Now we know that the fight between Jeb Bush and Donald Trump has really gotten personal: the lawyers are involved.
Jeb Bush's leadership PAC filed a Federal Election Commission complaint against Donald Trump Wednesday, accusing his campaign of illegally accepting corporate funds by using the Trump Organization's legal counsel to fire off cease-and-desist letters to critics. The PAC received such a letter last week from Alan Garten, general counsel for the Trump Organization, who threatened "immediate legal action" if the group produced ads that attacked the billionaire developer.
But Garten sent the letter to the Right to Rise PAC, a leadership PAC that has made contributions to Republican candidates, instead of to its sister super PAC, Right to Rise USA, which has begun running a television spot hammering Trump and other GOP candidates as unqualified to be commander in chief.
This rookie mistake drew no small amount of derision from Charlie Spies and James E. Tyrrell III, the attorneys for the PAC. In a letter to Garten Wednesday, the lawyers urged him to consult the FEC website "to familiarize yourself about the differences between Leadership PACs and Super PACs." Or, they suggested, he could skim two key federal court decisions in 2010 that paved the way for the creation of super PACs. "They are both very helpful and might clear up some of your confusion," they wrote.
They didn't stop there. Here are a few more choice excerpts:
"We are intrigued (but not surprised) by your continued efforts to silence critics of your client's campaign by employing litigious threats and bullying. Should your client actually be elected Commander-in-Chief, will you be the one writing the cease and desist letters to Vladimir Putin, or will that be handled by outside counsel?...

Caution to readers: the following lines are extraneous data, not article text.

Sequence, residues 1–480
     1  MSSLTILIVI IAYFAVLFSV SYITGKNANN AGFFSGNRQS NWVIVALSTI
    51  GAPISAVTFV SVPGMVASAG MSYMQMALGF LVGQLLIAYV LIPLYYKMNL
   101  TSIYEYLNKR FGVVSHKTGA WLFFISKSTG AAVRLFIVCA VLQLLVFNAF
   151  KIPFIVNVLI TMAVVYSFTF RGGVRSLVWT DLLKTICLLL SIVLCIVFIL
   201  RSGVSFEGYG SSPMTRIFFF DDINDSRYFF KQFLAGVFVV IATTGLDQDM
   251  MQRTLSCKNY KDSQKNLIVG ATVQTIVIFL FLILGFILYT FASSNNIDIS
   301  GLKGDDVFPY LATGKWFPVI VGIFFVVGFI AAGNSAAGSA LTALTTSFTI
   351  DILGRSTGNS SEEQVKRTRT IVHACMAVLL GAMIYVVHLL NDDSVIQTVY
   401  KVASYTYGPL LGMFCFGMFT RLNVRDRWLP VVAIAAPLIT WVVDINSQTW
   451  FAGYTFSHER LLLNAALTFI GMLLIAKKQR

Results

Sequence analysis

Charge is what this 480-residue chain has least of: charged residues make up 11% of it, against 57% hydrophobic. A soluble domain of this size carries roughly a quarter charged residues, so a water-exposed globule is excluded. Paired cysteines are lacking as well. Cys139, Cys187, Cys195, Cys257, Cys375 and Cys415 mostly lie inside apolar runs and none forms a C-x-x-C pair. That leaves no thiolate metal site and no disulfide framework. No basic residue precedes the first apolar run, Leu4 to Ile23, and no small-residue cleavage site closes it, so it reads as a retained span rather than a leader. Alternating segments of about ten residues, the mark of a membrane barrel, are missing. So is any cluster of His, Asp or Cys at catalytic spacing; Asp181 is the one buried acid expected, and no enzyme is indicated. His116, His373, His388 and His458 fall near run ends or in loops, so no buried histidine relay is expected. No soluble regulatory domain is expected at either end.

"If you have time between bankruptcy filings and editing reality show contracts, we urge you to flip through the Supreme Court's decision in New York Times v. Sullivan. If your client is so thin-skinned that he cannot handle his critics' presentation of his own public statements, policies and record to the voting public, and if such communications hurts his feelings, he is welcome to purchase airtime to defend his record. After all, a wall can be built around many things, but not around the First Amendment."
They concluded by noting that federal candidates are not allowed to use corporate resources for campaign purposes, and attached a copy of their FEC complaint alleging that Trump has violated that law.
"Just as your client is attempting to quickly learn the basics of foreign policy, we wish you personally the best in your attempts to learn election law," Spies and Tyrrell concluded.
In a statement, the Trump Organization said it “has vigorously policed Mr. Trump’s brand and business interests for many years. Those rights are not forfeited by virtue of Mr. Trump’s candidacy. Going forward, the company will continue to zealously protect Mr. Trump’s brand and business interests wherever and whenever necessary. This is in no way any form of campaign activity and does not run afoul of federal election laws.”
Read the entire letter below.